Easing The Transition To Leadership: Survival Tips For New Leaders

If you consistently excel in your line of work, you will surely be a top choice for a leadership post. There is no question that you deserve that most coveted promotion. No one else in the team deserves it more than you..But how certain are you that being a top achiever and a great team player will adequately prepare you to be an effective leader?

Leadership will bring in new tasks and more responsibilities. Thus, it is not unusual to feel anxious when stepping up to a higher post. Loads of worries may pop into your mind. Am I capable enough to guide a team? How can I motivate the people under me? What should do I to earn their respect and trust? Your new role will surely not be easy, but the transition to a managerial position does not have to be difficult either. Read on for strategies you can use to quickly adjust and adapt to leadership.   

Make an effort to get to know everyone.

One of the first things you should do upon accepting an offer to lead is to get to know the people in the entire organization. Especially the people that will be under your wing. You want to observe their work ethics and assess their strengths and weaknesses. Adequate information about the background of each of your staff will help you come up with effective management strategies. You can only do this by spending time and closely working with your team. This will be time well-spent because as you get closer to your team, you can also build trust and camaraderie.

Clearly relay your expectations.

Good communication is always a two-way relationship. So just as you know your team, you also want the staff to get to know you as well. You want to carve a clear direction for the team to follow and you can start by letting them know your expectations from each one of them. Aside from avoiding confusion within the team, it is also a gentle reminder of their duties and responsibilities. You can also establish accountability in the group.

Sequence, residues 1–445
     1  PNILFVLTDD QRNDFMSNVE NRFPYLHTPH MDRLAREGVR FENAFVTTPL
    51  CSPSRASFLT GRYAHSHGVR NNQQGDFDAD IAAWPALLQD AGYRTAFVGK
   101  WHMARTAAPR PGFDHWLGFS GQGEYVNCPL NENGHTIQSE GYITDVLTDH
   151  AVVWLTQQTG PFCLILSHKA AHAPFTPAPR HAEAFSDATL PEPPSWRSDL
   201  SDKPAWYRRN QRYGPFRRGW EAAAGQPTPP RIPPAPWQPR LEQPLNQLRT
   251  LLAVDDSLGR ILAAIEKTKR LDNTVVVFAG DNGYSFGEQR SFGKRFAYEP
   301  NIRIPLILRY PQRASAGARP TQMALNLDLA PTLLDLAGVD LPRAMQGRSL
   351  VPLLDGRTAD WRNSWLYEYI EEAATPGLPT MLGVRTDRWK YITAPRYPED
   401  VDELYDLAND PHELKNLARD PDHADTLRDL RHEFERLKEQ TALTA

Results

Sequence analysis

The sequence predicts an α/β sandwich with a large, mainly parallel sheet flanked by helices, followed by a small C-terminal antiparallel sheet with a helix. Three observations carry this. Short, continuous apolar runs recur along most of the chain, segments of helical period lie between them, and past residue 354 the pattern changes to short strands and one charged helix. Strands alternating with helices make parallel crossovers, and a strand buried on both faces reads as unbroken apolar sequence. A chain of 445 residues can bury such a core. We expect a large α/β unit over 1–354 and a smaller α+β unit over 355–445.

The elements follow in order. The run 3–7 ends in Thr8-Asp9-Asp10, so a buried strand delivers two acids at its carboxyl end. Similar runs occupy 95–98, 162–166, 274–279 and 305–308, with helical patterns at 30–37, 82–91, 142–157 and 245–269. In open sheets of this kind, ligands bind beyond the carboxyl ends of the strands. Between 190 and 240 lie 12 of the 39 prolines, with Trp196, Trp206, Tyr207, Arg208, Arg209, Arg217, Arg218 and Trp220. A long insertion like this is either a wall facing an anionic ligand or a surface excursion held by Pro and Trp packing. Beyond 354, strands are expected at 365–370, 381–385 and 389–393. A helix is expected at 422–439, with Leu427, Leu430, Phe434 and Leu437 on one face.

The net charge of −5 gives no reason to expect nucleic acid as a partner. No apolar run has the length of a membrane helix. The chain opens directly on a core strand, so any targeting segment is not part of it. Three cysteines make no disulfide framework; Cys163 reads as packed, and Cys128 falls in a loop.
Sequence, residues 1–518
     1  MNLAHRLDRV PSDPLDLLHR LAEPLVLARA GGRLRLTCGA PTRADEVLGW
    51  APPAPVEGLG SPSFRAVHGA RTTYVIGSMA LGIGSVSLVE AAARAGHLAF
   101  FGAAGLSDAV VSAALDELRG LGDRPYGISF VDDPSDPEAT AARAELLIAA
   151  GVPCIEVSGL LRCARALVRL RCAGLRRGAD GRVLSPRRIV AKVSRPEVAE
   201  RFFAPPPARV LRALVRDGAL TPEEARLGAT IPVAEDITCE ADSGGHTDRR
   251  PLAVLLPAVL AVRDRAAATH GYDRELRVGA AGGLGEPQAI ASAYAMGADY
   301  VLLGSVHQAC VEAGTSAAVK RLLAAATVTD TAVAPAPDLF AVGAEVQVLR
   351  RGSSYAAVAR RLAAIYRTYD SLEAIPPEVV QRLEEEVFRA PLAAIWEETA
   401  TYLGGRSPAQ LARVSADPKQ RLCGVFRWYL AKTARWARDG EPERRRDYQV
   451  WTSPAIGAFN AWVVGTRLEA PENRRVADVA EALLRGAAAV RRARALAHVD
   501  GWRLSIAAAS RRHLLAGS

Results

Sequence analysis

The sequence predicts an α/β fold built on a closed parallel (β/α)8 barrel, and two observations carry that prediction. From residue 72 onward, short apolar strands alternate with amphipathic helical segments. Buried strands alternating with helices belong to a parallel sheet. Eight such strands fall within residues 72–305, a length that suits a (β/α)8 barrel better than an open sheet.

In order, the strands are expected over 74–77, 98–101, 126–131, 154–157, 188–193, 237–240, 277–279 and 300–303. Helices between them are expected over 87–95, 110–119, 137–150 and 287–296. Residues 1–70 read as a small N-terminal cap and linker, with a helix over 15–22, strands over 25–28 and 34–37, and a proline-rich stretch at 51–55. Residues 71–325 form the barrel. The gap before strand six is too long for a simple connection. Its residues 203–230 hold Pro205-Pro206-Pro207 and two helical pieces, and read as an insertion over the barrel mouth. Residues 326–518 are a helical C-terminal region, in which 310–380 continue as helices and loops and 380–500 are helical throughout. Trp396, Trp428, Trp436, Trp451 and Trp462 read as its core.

Strengthen teamwork.

Instead of focusing on personal growth, your goal as leader will now shift to the development of a team. You want to build a team where the members support each other and diligently contribute to the betterment of the group.You may discover past issues and conflicts as a new leader, but it should not stop you from resolving to create a high-performance team. As the head of an organization, one of your duties is to inspire and motivate everyone to do their best. Setting achievable goals for the whole team to accomplish is one way to do that. You also want to boost the morale of your staff by encouraging them to share insights and ideas.

Take care of yourself.

You need to build stamina in order to cope with the demands of your new position. Take care of yourself by staying healthy. You can easily maintain a positive mindset and be a good example to your staff if you see to it that you get enough rest and exercise. To gain confidence in your new role, you may also want to invest time in self-improvement. You can start by enhancing your look, outfit and style.

Widen your knowledge.

Your scope of work is no longer limited to a specific task or area and this implies a greater challenge. Your desire to rise above competitors and succeed in the industry you are in should also be stronger. So find ways to gain more knowledge by attending training or seminars. You can also join organizations to grow your network and enhance your skills.

Encourage feedback.

The best way to know if your leadership style is working is by directly asking the opinions of your staff. So encourage the team to share their feedback or ask questions. It is important to let them know that you are open to any criticisms because this will help you become a better leader. You can also welcome suggestions and discuss it with the team.

Brad and Julie DuncanEasing The Transition To Leadership: Survival Tips For New Leaders

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